Continuing on from Last time, I’d like to introduce some of the national finalists gathered at the Silverstone Racecamp.
Alex Porazinski (Age 36) 2014 British Finalist
Thinking that GT Academy would be the only route that would fulfill his dream of becoming a professional racer, he made his challenge in the GT Academy starting from the first one in 2008, every year until 2012. He was always in the top 10 in the national rankings, but had a difficult time making it into race camp.
With a child born in 2013 he stepped away from gaming for a while, but a friend sent him a link to the 2014 Facebook challenge, and he played the mini game (An entry mechanic introduced in Europe using a facebook game) which gave him a chance to participate in a national final event that would determine the 6 UK finalists. He succeeded in grabbing this chance to make it into the much sought after racecamp.
His first discovery of Gran-Turismo was in college. He found out about the game from an Edge magazine he had happened to pick up, in which there was a review article on Gran Turismo. He purchased the software and the first PlayStation together, then proceeded to play Gran Turismo day and night. He said he ended up playing the game so much he failed to graduate college.
He has a notebook in which he has recorded race notes and settings for all tracks and cars in the game to improve his driving skill. Even Yamauchi san was surprised at the level of thoroughness in his efforts.
Next was a visit to the homes of the racecamp participants: They are staying in Snoozebox hotels built of 40 foot containers during their participation in racecamp. Supposedly the famous driver David Coulthard has a hand in the Snoozebox business.
Gathering Intel from the other competitors, Maciej Pawtoski’s (21) room was said to be the messiest and was targeted as the first room we’d see.
He begged us to “Just give me one minute to clean!!” and bolted towards his room, but he was stopped in his tracks by the others and his door was forced open (lol). He immediately jumped into the room and kicked his underwear on the floor under the bed. But it wasn’t as messy as we thought it might be, he got lucky!
Alexander Haegermark (30) has a course map taped to a toy belonging to his son to remind him of his child. “With this Its like he’s with me.” he said. He’s probably a fantastic dad at home.
And lastly, this is the Polish finalist, Kamil Fraczak (age 24)
Kamil had just graduated from the Polish Air Force Academy, a new fighter pilot of the Polish Airforce. He marked the highest scores out of the Swedish, Czech, Polish finalists, and made it to the final 6 members of the GT Academy. (On the right)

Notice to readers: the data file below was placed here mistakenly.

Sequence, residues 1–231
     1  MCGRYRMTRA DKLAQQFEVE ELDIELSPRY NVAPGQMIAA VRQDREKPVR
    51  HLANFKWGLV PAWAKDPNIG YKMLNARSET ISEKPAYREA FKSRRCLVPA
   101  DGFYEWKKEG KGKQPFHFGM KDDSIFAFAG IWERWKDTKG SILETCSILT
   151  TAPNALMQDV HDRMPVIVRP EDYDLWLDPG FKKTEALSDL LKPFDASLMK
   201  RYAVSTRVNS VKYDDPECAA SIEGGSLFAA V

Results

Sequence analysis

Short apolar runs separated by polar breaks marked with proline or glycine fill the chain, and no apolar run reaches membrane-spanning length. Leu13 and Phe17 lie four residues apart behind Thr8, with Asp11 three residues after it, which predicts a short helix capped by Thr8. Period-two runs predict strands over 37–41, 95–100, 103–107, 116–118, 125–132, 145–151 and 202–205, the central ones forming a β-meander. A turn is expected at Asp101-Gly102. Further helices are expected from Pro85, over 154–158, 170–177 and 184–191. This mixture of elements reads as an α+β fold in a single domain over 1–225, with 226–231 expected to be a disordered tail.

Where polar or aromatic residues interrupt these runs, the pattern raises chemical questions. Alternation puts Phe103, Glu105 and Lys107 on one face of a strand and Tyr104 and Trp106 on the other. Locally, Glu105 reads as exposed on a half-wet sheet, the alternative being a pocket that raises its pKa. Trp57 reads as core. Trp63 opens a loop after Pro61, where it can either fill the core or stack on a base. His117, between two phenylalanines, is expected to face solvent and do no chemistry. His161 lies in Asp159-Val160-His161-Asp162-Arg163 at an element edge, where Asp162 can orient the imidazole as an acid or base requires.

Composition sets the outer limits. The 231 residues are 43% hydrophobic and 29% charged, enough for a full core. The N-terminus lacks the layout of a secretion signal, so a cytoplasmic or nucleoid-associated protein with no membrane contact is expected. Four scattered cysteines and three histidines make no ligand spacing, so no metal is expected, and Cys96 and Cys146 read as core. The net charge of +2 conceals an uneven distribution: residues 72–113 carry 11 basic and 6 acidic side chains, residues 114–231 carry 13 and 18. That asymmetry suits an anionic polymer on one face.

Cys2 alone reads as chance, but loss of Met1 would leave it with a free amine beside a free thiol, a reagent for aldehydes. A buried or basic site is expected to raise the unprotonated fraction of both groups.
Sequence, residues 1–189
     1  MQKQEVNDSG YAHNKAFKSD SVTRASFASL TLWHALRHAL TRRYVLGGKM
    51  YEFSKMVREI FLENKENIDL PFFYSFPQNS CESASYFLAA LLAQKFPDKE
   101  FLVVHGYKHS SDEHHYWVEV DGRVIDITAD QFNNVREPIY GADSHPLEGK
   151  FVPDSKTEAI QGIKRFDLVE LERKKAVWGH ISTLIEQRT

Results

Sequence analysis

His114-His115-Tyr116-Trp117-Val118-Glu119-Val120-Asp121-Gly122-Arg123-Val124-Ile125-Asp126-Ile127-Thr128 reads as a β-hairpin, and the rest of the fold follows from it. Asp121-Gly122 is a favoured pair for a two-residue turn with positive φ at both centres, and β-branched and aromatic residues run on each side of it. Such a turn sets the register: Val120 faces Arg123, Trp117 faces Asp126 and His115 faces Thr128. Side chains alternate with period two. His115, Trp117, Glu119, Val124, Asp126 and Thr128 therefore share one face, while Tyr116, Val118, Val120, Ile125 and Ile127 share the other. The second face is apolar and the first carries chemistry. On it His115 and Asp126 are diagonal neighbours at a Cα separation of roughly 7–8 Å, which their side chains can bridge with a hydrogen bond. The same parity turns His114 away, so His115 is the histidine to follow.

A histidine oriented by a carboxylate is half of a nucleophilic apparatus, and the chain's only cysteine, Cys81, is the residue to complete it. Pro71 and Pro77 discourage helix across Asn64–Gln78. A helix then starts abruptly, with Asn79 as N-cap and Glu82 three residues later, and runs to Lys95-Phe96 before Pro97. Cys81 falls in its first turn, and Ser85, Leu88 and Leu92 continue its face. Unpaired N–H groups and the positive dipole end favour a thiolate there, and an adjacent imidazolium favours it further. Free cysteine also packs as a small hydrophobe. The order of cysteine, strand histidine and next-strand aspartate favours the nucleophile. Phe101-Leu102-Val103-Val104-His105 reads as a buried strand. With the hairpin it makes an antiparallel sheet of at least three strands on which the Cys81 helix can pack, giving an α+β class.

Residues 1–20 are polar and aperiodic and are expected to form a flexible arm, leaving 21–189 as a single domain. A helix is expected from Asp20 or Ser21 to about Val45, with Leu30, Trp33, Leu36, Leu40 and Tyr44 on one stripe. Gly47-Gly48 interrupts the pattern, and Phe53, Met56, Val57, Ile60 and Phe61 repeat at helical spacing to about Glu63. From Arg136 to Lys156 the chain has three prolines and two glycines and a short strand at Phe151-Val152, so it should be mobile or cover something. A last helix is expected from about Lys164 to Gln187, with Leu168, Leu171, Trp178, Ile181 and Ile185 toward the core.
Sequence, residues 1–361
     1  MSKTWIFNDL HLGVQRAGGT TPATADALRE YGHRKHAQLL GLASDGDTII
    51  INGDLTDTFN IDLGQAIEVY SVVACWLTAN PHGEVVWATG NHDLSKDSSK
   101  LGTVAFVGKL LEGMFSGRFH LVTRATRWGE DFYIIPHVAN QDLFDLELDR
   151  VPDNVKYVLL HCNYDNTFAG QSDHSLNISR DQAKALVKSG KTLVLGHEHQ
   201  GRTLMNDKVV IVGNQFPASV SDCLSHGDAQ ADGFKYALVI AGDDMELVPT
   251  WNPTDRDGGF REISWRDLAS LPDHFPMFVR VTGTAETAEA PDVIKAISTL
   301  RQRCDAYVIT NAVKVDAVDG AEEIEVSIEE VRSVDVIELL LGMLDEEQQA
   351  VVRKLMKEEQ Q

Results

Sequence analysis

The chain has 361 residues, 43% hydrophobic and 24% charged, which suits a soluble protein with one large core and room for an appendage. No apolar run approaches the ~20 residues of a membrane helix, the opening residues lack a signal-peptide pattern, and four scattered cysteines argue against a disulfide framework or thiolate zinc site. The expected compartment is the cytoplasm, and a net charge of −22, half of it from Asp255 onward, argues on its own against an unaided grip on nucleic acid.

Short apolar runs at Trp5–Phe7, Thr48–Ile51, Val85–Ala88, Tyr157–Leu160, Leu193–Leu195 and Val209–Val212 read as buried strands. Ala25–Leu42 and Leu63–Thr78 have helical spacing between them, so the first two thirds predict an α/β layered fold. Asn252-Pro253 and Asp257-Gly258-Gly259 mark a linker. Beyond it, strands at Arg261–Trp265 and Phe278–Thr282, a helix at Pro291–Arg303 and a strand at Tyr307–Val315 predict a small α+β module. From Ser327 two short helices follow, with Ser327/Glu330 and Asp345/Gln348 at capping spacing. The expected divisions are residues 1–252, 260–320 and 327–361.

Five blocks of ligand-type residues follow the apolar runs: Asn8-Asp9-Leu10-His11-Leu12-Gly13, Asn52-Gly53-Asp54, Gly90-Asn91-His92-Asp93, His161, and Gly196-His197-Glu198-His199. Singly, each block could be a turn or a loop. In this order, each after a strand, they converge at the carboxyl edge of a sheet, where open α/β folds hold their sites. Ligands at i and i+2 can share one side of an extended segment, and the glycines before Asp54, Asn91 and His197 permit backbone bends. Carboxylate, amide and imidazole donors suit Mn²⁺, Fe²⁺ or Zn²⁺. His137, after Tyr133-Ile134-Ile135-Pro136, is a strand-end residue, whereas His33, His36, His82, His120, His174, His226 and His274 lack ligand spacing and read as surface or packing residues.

I think most people here has driven cars before, but I don’t think there are any others who have piloted a plane (much less a fighter jet). So I asked him to tell his story.
“So I heard you bought the game just for the chance to become a racing driver, but have you ever played Gran Turismo?”
“Actually I had never played Gran Turismo until April of this year, and I bought the PS3 and Gran Turismo 6 just to participate in the GT Academy. I think I practiced for around 3 months. I think simulation games are fun but I’m not a gamer at all.”
“I’ve of course have never been in a fighter plane before, but is piloting a fighter jet and driving a racing car on the track very different? Are there similarities?”
“When you’re piloting a fighter jet you have to be aware of a lot more information than when you drive a racing car. Of course you have a lot of instruments, but the sheer amount of information you have to process is different. But on the other hand in cars, the controllable limits of the car is low, so the amount of control that is required to keep the car in that narrow range is difficult. Braking, tires, slide control I felt is very delicate. And of course I don’t know any basics of race driving, and found it difficult to compete on the track with other people there.”
“Having participated in Racecamp, you made it to the final 6, but are your feelings of wanting to become a racing driver unchanged?”
“Well, but I didn’t win in the end. If there’s a chance like this I’d like to keep making the challenge, but motorsports takes money and you need to learn many more things, so I’d continue my job and keep an eye open for opportunities. Of course, if I could become a racing driver one day I’d be happy.”
So that was the interview with Kamil. I wish I could introduce all of the finalists from each country, this is it for now.
Already past 19:30, the sun is starting to go down at Silverstone. Just a few moments before I finished writing this, the race between the last 5 finalists took place, and the 2014 winner of the GT Academy was born. To all the finalists, thank you for showing us a fantastic fight. Good job!